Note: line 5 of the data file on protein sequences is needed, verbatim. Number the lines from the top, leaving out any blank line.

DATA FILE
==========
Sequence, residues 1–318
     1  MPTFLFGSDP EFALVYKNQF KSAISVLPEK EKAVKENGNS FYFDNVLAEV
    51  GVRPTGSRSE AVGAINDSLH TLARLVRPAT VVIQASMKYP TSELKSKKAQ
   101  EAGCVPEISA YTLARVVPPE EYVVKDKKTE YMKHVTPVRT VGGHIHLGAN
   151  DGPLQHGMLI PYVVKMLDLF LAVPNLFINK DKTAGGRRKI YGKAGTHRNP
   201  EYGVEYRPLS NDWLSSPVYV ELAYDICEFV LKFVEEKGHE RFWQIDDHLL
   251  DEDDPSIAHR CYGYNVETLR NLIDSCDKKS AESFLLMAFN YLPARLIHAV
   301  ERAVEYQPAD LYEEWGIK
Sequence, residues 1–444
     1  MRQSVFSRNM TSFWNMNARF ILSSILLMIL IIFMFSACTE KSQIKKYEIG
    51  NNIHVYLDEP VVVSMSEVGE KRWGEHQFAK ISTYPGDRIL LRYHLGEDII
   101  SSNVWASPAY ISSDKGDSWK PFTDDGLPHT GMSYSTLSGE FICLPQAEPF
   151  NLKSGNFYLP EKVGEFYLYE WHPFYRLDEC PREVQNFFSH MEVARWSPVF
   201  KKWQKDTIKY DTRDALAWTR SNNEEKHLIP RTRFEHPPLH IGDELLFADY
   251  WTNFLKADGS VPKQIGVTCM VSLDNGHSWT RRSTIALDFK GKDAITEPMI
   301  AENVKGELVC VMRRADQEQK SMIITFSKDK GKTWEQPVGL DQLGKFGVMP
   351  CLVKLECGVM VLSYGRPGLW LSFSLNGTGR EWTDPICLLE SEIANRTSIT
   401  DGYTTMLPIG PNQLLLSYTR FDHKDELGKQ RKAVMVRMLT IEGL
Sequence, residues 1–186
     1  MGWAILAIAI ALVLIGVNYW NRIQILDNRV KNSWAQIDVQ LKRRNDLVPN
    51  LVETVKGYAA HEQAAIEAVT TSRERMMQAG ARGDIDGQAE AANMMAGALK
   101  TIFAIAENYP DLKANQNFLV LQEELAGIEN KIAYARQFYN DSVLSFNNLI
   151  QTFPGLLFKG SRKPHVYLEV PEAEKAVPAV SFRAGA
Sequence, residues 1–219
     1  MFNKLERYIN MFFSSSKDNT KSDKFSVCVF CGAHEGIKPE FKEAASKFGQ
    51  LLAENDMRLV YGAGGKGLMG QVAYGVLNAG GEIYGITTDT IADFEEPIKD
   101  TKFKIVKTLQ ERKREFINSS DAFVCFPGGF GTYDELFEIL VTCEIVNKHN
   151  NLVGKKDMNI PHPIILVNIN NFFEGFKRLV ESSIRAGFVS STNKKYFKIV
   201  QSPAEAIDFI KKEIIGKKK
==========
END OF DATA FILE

   151  DGPLQHGMLI PYVVKMLDLF LAVPNLFINK DKTAGGRRKI YGKAGTHRNP